Many things factor into a person’s success: intellect, skill, resourcefulness, knowledge, drive, etc. But there is one factor that most successful people share—a high EQ.
EQ is emotional intelligence, the ability to use your emotions in a positive and constructive way in relationships with others. It’s about reading and understanding the emotions of others and engaging people in a way that brings them towards you, not away from you. It’s about being “choiceful” in how you interact and engage with them.
Many studies show that EQ is a much more accurate determinant for success and career growth than technical skills or a high IQ. According to the Center for Creative Leadership, the biggest reason that managers fail is because of poor interpersonal skills. Another survey showed that EQ accounts for an 85 percent difference between a good leader and an excellent leader.
Simply put, whatever your position—leader, manager, co-worker, self-employed, intern, assistant—people with great interpersonal skills (those who are more attuned to the emotions of others) are more successful. The higher your EQ the more successful you will be.
The workplace is a social network. It’s a hotbed of emotions, egos, stress, and conflict. Emotional intelligence can help you:
EQ is important for managing change, understanding the political landscape for a new project, dealing well with setbacks or workplace obstacles, motivating and influencing others, and working with or for a team with different personalities.
Emotional Intelligence really comes into play when managing and dealing with difficult people, including customers, employees, colleagues, and bosses. Your ability to understand and empathize goes a long way.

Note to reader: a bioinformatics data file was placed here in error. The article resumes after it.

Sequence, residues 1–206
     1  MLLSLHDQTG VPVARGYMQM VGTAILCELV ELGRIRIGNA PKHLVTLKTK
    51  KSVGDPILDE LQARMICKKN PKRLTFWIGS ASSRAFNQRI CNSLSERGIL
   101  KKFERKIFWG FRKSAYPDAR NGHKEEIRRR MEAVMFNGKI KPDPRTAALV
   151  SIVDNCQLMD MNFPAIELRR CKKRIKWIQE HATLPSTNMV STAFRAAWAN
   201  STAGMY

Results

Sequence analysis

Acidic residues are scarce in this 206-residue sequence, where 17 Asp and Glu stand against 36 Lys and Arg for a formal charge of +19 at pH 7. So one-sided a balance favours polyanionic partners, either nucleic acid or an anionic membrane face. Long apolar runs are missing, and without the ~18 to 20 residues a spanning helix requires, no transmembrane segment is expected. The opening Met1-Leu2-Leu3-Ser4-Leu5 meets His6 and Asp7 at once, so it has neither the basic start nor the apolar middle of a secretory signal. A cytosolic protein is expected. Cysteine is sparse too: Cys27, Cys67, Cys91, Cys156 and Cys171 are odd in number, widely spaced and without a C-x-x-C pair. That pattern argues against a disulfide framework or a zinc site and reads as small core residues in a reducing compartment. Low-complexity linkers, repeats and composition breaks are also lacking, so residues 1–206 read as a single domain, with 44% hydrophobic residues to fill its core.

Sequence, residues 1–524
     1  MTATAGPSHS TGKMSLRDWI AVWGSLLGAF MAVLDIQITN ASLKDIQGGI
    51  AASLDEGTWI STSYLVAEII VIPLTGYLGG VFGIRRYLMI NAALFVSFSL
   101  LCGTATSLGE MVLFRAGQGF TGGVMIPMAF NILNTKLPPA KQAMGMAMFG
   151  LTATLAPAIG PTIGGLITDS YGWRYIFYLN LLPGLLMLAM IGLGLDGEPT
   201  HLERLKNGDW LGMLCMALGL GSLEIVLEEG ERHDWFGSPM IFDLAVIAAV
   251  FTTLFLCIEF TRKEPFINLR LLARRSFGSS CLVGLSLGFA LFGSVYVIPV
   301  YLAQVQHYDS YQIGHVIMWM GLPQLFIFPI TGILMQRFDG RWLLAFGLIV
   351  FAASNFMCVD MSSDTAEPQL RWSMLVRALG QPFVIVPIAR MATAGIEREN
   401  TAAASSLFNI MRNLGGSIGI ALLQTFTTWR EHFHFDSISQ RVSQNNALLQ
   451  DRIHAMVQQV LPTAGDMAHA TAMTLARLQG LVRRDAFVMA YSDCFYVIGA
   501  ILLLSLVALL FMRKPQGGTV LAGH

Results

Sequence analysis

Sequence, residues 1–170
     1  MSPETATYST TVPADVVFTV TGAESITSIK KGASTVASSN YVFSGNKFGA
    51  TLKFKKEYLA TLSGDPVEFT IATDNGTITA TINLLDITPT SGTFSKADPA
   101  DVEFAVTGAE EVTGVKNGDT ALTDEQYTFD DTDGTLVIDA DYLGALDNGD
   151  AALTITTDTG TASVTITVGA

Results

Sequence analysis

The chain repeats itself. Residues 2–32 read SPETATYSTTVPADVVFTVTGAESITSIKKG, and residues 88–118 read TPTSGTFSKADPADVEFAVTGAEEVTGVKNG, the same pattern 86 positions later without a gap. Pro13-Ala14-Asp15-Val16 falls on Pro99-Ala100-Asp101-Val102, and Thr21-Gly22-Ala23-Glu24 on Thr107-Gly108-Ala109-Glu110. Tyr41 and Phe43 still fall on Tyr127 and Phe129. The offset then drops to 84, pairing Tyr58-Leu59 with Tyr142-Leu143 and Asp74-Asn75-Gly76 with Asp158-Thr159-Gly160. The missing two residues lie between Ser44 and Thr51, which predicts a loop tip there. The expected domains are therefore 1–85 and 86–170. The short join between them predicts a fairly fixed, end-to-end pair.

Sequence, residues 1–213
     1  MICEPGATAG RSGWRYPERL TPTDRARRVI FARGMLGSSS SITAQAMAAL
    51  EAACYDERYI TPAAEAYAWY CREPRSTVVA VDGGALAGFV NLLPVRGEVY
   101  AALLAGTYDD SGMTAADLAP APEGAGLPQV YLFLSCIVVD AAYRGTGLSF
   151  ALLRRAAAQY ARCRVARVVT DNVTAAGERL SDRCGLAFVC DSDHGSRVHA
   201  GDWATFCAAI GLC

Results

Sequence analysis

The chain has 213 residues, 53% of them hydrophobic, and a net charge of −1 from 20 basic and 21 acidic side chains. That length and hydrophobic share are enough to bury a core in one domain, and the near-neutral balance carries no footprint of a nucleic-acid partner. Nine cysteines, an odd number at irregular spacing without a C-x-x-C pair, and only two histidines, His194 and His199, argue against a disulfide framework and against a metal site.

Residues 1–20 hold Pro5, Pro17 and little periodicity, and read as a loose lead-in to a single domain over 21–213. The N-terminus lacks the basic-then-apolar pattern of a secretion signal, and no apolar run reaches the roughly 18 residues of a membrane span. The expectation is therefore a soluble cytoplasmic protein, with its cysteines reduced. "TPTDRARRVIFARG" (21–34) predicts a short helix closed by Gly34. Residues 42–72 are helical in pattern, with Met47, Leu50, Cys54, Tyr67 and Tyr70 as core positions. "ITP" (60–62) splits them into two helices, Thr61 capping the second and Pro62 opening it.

EQ is critical for any person, in any position, who deals with other people. Even if you are self-employed you still have to engage with others (in fact, when you’re self-employed that may be even more important).
Some people are born with natural EQ skills. In certain fields, EQ often goes hand in hand with success, like sales. Many companies actually use EQ competency testing as criteria for selection into highly engaging positions like sales. A recent survey showed that companies that selected their sales people by using EQ competency criteria decreased their first year turnover rate by a whopping 63 percent.
But EQ can also be taught, and many companies hire consultants (like me!) to host workshops to train employees on emotional intelligence. Ask HR if they have an EQ workshop or training. If not, you can develop it on your own.
Emotional intelligence may come easily for some, harder for others. It’s about paying attention to other people, engaging them, and developing solid interpersonal skills. There are four basic competencies involved in EQ. These are the things you need to develop:
EQ is pretty basic, really. It’s all about developing your interpersonal skill set, which requires an understanding of your own emotions as well as the emotions of others. The place to start is deterring your own level of emotional intelligence. There are lots of great books out there, like “Emotional Intelligence: Why It Can Matter More Than IQ” by Daniel Goleman. There a re lots of resources on the web, like this article:
Or just jump right into it by taking an EQ test, like these easy ones from the web:
http://www.queendom.com/tests/access_page/index.htm?idRegTest=3037 (Be warned: this one has 146 questions!)
Once you know where you stand EQ-wise, you’ll know what to work on. EQ is a new key to success, and it’s something you can develop, like any skill.